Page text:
Author Topic: When media permits a grammatically flawed official statement to see print  (Read 6642 times)

Joe Carillo

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If you are a reporter for an English-language media outlet, what’s the proper way to report the official statements of people who speak in less than impeccable English? Do you quote them verbatim—grammar errors and all—for total and uncompromising journalistic objectivity? Or do you correct their statements for grammar and usage errors so as not to embarrass them and avoid foisting bad English on your readers or listeners?

Of course, English-savvy reporters and editors faced with this dilemma routinely do the right thing—quote  statements verbatim when they are truly quotable and free of grammar errors, or else paraphrase those statements when they aren’t really quote-worthy and are grammatically faulty as well. But sometimes, when reporters or editors lower their guard or are themselves not very proficient in English, they let pass quoted statements that reflect very badly not only on those who gave or uttered them but also on those who reported or edited them. 

This is what happened in the case of the quoted statement I dissected in the essay below, which I wrote for my English-usage column in The Manila Times way back in 2006. I am posting it in this week’s edition of the Forum as a practical lesson in grammar and usage as well as an exercise in basic copyediting. (September 18, 2011) 

An exercise in reporting a grammatically flawed statement

Assume that you are a reporter of a major daily newspaper and that you have just covered a media conference of an international foreign-aid organization. During the conference, the organization’s highest-ranking official in the country said these exact words in English: “The best time to prevent bird flu is now. Until the cases are low, let us stay ahead of the epidemic.”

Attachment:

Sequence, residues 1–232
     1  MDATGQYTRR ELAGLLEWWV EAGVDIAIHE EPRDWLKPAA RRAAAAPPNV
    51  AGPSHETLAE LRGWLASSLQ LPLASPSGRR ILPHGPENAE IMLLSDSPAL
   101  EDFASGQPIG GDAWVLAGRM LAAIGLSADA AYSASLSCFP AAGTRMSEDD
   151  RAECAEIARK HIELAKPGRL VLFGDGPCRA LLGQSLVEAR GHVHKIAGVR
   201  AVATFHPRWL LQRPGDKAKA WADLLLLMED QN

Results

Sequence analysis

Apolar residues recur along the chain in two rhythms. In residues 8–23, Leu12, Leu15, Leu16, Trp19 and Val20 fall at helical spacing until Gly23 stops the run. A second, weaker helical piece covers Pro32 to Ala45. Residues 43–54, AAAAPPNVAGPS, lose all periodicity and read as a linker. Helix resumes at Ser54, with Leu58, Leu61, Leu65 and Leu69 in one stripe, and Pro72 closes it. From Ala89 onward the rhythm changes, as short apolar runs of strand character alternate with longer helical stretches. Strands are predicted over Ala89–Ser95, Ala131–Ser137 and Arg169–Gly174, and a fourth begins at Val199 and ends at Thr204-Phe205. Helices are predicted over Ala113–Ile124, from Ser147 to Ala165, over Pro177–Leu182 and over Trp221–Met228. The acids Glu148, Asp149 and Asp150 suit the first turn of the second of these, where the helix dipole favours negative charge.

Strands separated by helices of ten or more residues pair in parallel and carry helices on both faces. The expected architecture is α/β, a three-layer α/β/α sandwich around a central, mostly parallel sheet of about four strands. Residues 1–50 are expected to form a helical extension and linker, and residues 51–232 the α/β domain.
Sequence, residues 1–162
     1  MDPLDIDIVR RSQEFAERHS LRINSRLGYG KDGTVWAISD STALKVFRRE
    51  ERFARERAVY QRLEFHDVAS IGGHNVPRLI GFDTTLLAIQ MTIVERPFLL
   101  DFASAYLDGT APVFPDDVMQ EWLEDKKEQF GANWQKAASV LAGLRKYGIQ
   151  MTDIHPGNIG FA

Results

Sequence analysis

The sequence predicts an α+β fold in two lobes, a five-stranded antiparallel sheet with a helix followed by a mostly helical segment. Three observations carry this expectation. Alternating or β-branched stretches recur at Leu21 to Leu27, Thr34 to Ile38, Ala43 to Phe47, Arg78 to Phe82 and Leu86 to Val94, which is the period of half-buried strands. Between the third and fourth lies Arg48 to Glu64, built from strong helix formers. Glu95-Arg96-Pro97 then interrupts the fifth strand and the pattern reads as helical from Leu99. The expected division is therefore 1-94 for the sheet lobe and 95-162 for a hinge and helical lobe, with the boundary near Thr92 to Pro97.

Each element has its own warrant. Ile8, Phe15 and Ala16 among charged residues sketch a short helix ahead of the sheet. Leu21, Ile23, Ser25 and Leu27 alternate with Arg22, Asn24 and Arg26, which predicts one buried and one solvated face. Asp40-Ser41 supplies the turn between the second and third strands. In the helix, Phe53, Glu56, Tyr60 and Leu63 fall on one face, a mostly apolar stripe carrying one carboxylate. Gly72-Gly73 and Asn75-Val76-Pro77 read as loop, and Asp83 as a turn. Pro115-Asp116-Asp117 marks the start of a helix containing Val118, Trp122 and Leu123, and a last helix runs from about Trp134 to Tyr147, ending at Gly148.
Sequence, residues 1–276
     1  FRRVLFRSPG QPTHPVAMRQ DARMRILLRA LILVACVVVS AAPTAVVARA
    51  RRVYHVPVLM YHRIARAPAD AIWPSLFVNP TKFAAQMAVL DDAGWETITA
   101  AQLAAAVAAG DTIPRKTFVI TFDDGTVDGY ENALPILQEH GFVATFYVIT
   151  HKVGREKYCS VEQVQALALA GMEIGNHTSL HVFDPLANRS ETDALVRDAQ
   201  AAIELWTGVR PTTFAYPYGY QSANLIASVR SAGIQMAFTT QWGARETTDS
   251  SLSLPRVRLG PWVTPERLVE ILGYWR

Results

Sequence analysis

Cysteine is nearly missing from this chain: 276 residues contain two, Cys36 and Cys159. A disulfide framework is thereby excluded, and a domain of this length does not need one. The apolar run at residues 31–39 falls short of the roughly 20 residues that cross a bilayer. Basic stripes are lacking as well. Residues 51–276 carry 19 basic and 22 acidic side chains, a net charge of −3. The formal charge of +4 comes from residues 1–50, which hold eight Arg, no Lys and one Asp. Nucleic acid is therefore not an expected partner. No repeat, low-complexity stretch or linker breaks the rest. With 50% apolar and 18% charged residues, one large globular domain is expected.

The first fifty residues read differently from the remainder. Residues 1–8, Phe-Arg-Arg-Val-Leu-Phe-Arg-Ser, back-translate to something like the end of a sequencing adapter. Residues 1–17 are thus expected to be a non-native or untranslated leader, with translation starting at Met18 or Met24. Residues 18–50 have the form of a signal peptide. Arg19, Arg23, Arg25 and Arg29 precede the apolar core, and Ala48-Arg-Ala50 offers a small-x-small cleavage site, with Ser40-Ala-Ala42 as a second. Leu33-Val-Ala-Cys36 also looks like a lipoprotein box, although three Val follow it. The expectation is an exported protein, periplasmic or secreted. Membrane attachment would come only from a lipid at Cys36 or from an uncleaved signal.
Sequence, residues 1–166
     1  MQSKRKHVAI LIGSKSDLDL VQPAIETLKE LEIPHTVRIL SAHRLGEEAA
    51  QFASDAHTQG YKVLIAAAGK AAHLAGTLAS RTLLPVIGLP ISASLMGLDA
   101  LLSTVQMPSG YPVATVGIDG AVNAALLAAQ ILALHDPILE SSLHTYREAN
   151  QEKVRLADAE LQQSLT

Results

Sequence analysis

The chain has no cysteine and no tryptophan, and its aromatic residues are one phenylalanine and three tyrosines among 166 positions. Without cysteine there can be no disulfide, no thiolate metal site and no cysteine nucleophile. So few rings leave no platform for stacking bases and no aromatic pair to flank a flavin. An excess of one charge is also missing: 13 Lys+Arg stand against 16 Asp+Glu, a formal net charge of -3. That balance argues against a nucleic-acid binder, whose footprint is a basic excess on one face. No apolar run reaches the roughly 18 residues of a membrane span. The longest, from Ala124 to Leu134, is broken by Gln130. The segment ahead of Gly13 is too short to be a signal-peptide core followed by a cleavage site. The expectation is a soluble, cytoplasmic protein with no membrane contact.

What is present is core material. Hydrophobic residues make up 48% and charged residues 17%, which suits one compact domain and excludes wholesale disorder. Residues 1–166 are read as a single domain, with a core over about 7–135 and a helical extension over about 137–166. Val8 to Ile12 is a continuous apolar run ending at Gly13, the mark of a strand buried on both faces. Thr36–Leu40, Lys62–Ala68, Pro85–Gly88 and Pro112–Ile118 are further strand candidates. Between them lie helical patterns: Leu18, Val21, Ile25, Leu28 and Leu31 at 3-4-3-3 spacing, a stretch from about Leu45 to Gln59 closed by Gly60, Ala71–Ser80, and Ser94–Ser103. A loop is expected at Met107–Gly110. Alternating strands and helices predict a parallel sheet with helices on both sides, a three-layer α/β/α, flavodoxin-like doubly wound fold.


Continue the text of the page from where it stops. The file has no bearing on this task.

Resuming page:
Something is terribly wrong with that statement’s English, of course, and you’re sure that the speaker wasn’t misquoted because you had taped the interview. But your deadline is only two hours away, so you must decide right now how to deal with that statement in your story.

What will you do with its bad English?

(A) Quote the exact words of the speaker. It’s true that its English is faulty, but since the statement came from a well-educated medical professional, you feel that every word of it should be respected and retained. They are not your own words, after all, and you’re secure in your belief that people who talk to media should be held responsible for their bad English. If it gets printed verbatim and embarrasses them, that’s just too bad. Your job is to report the news accurately and clearly, not to correct other people’s poor English.

(B) Analyze the grammar and semantics of the statement carefully to see how best to report it. You believe that no respectable paper should give room for bad English, whether attributed or unattributed. You know that when reporters habitually allow bad English to creep into their stories, they can seriously jeopardize not only their reputation but also the integrity of their information sources and of their respective newspapers.